Friday, August 20, 2010

Using git for sync and backup

Nerd alert! I need to put this list of instructions for using git somewhere so it's going here. I hope it might be useful for someone else too.

Why: One of my most valuable assets at my job is a directory full of sample code projects I've created over the years. Sometimes, it's a command line tool such as "nsdictionary" which I created to test something with that API, or sometimes it'll be a full App like "ThreadedQCLayersAndBindings" which tests complicated interrelationships. They were quick and dirty, taught me something specific, and useful as templates for future exploration and now I can't bare to lose them.

As with any set of files, there's two main concerns: backup and synchronization. Backup is really two parts
  1. If the hard drive fails I want to have stuff stored on another disk.
  2. If I change a project by experimenting and that experiment fails, I want to be able to revert changes quickly and easily across all files.
Synchronization just means I want to have my desktop and laptop in sync.

There are lots of tools that could work... Rsync, svn, cvs, rcs, etc. Each have their merits, but in the end take too much time to maintain or don't provide enough features to be worth the time to set up.

Then I heard glowing reviews about Git and how it's a distributed version control system. So I gave it a shot. Here's a mini tutorial, if everything you've read (or skimmed) sounds good:

The setup: Mac Desktop and Mac Laptop and I mount the HD of one on the other over AFP. This is NOT a tutorial for setting up a git server. There may be plenty of those but that's more than I wanted to accomplish so I didn't even read them. Git is installed by default on Snow Leopard so this is also NOT a tutorial for setting up Git on Mac OS X. This is glorified Rsync with revisions.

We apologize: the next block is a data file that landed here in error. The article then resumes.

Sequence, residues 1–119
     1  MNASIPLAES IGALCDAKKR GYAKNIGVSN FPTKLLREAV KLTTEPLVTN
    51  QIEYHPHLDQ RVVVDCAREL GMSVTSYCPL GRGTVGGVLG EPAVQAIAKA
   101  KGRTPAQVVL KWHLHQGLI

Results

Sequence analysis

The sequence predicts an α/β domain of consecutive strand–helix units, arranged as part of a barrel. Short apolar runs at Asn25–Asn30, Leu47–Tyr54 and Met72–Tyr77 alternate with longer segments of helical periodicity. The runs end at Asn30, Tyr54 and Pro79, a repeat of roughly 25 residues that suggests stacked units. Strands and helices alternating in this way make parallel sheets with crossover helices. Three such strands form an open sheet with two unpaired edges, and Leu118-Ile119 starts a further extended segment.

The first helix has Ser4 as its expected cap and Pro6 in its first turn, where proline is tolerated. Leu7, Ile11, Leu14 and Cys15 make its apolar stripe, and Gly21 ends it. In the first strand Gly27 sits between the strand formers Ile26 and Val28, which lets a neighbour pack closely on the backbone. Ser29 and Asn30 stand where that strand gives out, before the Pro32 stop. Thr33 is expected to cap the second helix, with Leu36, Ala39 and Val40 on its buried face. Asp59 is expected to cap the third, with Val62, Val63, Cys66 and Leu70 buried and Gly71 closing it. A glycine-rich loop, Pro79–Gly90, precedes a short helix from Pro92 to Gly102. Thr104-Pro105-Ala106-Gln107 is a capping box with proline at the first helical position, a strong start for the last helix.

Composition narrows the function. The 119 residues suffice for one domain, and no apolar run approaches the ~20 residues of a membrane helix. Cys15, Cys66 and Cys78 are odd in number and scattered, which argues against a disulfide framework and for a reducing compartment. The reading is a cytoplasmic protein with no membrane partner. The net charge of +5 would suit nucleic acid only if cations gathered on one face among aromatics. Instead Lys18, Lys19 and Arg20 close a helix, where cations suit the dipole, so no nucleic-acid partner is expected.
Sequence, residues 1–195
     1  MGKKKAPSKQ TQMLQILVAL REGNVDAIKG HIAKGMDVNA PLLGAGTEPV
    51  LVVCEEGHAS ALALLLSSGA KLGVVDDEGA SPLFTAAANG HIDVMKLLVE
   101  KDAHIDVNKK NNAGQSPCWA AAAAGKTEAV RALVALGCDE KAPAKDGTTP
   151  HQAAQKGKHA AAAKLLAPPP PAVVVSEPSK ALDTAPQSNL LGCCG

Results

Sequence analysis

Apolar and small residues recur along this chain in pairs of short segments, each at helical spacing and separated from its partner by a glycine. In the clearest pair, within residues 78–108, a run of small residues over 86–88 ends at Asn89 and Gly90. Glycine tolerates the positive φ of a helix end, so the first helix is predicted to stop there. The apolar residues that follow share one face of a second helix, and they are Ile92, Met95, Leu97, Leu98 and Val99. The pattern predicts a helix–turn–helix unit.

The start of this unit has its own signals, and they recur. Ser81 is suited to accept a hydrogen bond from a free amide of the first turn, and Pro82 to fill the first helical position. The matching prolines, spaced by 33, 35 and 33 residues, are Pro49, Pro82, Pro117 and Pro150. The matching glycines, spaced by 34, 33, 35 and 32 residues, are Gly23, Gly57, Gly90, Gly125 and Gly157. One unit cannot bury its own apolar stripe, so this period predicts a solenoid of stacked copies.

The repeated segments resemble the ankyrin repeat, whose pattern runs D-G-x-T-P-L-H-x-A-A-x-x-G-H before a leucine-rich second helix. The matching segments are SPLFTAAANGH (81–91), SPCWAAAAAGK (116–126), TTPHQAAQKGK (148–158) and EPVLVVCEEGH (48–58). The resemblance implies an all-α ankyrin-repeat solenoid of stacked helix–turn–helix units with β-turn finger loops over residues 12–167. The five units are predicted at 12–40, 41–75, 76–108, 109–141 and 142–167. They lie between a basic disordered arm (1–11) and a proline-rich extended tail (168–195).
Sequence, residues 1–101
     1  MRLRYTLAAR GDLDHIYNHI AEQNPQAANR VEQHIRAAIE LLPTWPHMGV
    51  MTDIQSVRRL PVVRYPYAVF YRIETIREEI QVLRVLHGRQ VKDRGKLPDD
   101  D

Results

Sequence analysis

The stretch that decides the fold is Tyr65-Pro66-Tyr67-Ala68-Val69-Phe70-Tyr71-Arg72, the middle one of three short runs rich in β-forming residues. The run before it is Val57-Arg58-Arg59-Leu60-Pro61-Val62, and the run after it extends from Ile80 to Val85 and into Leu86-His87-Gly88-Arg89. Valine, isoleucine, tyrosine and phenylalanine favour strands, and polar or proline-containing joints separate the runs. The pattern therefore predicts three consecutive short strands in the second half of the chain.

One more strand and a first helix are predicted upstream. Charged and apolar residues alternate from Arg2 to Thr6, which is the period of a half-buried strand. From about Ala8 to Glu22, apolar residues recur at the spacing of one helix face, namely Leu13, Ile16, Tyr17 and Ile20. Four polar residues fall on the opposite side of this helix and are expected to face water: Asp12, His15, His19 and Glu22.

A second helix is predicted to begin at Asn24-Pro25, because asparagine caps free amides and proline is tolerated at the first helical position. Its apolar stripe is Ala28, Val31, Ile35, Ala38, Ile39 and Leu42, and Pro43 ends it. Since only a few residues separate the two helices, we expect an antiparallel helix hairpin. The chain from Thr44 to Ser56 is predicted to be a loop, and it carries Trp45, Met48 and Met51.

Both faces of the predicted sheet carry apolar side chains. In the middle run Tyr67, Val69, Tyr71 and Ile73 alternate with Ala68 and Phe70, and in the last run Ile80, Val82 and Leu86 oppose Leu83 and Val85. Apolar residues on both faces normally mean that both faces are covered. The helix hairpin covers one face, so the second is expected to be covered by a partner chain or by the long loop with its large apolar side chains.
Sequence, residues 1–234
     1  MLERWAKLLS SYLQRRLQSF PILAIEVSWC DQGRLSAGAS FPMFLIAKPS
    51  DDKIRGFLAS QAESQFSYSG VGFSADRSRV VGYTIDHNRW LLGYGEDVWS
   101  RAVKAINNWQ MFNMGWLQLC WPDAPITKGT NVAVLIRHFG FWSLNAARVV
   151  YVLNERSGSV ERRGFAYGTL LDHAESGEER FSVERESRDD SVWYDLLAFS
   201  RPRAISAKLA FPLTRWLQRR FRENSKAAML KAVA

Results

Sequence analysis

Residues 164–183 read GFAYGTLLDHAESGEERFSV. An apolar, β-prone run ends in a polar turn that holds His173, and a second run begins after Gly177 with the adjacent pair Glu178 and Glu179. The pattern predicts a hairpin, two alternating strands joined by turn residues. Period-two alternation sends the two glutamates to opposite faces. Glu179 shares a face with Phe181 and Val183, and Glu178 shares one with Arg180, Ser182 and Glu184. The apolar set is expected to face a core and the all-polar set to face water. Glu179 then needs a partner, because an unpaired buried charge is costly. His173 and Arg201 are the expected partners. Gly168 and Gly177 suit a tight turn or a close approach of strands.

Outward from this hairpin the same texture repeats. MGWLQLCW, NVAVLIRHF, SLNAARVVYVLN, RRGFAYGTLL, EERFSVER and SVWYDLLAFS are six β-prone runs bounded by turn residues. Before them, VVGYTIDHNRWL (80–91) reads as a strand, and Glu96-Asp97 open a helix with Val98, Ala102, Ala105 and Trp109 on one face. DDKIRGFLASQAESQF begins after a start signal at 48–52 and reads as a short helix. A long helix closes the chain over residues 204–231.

1.) Create a Git repository for revisioned files
cd /Volumes/DesktopHD/Sources/tests
git init
git add -a
git commit

Yep, it's really that easy to set up git. At this point, you can track history through the log of commit messages, and roll back as necessary.

2.) Mount the LaptopHD over afp:// by browsing in Finder, or whatever you're used to. This also probably works for iDisk and other transport types but for now, we'll call it LaptopHD.

3.) Clone the repository of tests to the mounted drive
cd /Volumes/LaptopHD/Sources
git clone /Volumes/DesktopHD/Sources/tests tests
cd tests
git fetch

Wow that's pretty easy too.

4.) Add the tests I've already created on the Laptop to the repository
cp -r /Volumes/LaptopHD/Sources/old_tests/* /Volumes/LaptopHD/Sources/tests
git add -a
git commit

Woo I'm invincible!

5.) Then I wanted to push the new files back to the desktop (remember right now I'm at /Volumes/LaptopHD/Sources)
git push ##Don't do this

What the... NOOOOO!!!!!! What have I done!?!?

Only use git push if you are smarter than me, which isn't possible so just don't. The designers put this in by mistake and it's really horrible (I'm just being inflammatory now so somebody will come along and correct me. That's how the internet works; I don't question it.)

First, the correct thing to do in a setup like mine:
5.) Go back to each place that's out of date and pull the changes back
cd /Volumes/DesktopHD/Sources/tests
git pull /Volumes/LaptopHD/Sources/tests/.git

Now the reason git push sucks:
When I did git push, I went back to DesktopHD expecting the files to be there. They weren't so I did a git pull. Nope, files are up to date. I did a git status on the LaptopHD version, everything was checked in. Back on the DesktopHD version I did git status and all my files were in the status and marked for deletion. What??? So I killed that repository, started from scratch by copying files from the LaptopHD and did all the steps again, except with the second step 5 rather than the first.

Searching online, it looks like maybe there's a way to set up a --bare repository and use hooks to automatically forward to your main repository or something. Crap on that. It's easier to understand, "This is a distributed versioning system, you always pull your changes from elsewhere" and with a couple git remote add commands, pulling from multiple sources is pretty painless.

So there's my story. I really like git now, just so long as I don't use git push ever.


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